Mitt Romney adopted a clever "strategic vagueness" strategy on yesterday's immigration ruling, which so far hasn't seemed to get anyone too angry at him (although I doubt it will do anything to stanch the bleeding of Latino votes away from him). As somebody tweeted yesterday, if you asked Romney what kind of pizza he wanted, he'd reply that Barack Obama has failed to lead on pizza choices. We've often talked about how uncomfortable Romney is when he gets questioned about his policy positions, but we should take a moment to extend our sympathies to the people who actually have to do most of the talking at times like this, the beleaguered campaign flaks whose job it is to say the things Mitt Romney would say if he were talking to reporters, and not say the things he wouldn't say. One of those flaks, Rick Gorka, found himself surrounded by reporters after the ruling and had to deliver one of the most painful dances of evasion you'll ever see. It went on and on, but here's a taste. You can almost see his soul slipping out of his body and finding an overhead bin to curl up in until it's all over:
QUESTION: Does (Romney) support the law as it was drafted in Arizona?
GORKA: "The governor supports the right of states, that's all we're going to say on this issue."
QUESTION: Does he have a position on the law, or no position?
GORKA: "The governor has his own immigration policy that he laid out in Orlando and in the primary, which he would implement as president which would address this issue. Whereas Obama has had four years in the office and has yet to address it in a meaningful way."
QUESTION: But does the Governor have a position on the Arizona law besides supporting the right of states?
GORKA: "This debate is sprung from the president failing to address this issue, so each state is left and has the power to draft and enact their own immigration policy."
QUESTION: But the Arizona law does very specific things, does the governor support those things that the Arizona law does?
GORKA: "We've addressed this."
QUESTION: What is his position on the actual law in Arizona?
GORKA: "Again, each state has the right within the Constitution to craft their own immigration laws since the federal government has failed."
QUESTION: But does he think about the law in Arizona? You're just talking about the states right to have a law but you're not giving any position on the actual law.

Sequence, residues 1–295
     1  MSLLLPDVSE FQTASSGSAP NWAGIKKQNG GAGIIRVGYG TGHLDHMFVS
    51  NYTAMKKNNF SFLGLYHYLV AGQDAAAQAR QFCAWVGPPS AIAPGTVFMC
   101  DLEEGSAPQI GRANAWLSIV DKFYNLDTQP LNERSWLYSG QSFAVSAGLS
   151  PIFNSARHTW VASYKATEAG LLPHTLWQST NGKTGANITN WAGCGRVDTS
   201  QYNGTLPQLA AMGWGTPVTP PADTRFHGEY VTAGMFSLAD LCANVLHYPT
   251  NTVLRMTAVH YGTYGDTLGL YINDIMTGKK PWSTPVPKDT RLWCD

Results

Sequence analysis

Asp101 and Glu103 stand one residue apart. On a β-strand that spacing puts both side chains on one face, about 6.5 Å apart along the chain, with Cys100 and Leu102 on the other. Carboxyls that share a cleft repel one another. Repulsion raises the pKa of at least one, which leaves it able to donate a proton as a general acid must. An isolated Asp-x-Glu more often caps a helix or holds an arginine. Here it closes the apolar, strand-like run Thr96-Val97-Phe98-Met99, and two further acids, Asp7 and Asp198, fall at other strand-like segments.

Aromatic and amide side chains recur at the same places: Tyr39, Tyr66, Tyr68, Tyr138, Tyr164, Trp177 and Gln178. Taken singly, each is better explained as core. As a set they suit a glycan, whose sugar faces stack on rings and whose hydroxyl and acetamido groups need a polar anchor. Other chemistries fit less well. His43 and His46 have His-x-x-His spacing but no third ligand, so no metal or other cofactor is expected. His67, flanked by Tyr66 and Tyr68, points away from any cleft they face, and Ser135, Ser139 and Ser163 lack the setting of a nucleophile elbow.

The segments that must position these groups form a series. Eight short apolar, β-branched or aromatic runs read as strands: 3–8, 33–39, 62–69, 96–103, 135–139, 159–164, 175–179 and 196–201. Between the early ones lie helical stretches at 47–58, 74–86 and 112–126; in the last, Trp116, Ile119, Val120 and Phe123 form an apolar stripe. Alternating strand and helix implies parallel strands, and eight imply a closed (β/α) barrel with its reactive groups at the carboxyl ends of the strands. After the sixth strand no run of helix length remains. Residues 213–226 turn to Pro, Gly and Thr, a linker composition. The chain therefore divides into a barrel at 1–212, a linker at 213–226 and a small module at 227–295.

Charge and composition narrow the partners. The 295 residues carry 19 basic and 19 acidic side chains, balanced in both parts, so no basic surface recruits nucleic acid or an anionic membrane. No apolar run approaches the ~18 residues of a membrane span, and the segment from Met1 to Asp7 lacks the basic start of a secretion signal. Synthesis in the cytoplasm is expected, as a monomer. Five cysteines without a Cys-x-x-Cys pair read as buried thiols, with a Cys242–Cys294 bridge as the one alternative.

GORKA: "Ultimately this debate comes back down to the federal government and the president failing to address this. If the president followed through on his campaign promise to address illegal immigration in the first year, this debate wouldn¹t be necessary."
QUESTION: Is it fair to say that he has no opinion on the Arizona law?
GORKA: "Look, again, I¹ll say it again and again and again for you. The governor understands that states have their own right to craft policies to secure their own borders and to address illegal immigration."
QUESTION: You're not answering – what does he think about the policy in Arizona? Is it fair to say he has no opinion? You're refusing to give us an answer.
And as I said, that's only part of it. It's easy to think of spokespeople like Gorka as cynical liars and spin-spouting robots whose only purpose in life is to obfuscate and deceive. But nobody can actually enjoy that. I'm sure that he would have much rather delivered a forthright explanation of his candidate's clear and unambiguous position on the issue, but since his candidate has no such position, he was tasked with saying nothing, over and over, to a bunch of reporters who need him to say something in order to do their jobs, and so get increasingly frustrated and disgusted with him. It's not fun for anybody. But I guess if you get hired to be Mitt Romney's spokesperson, that's part of the deal.
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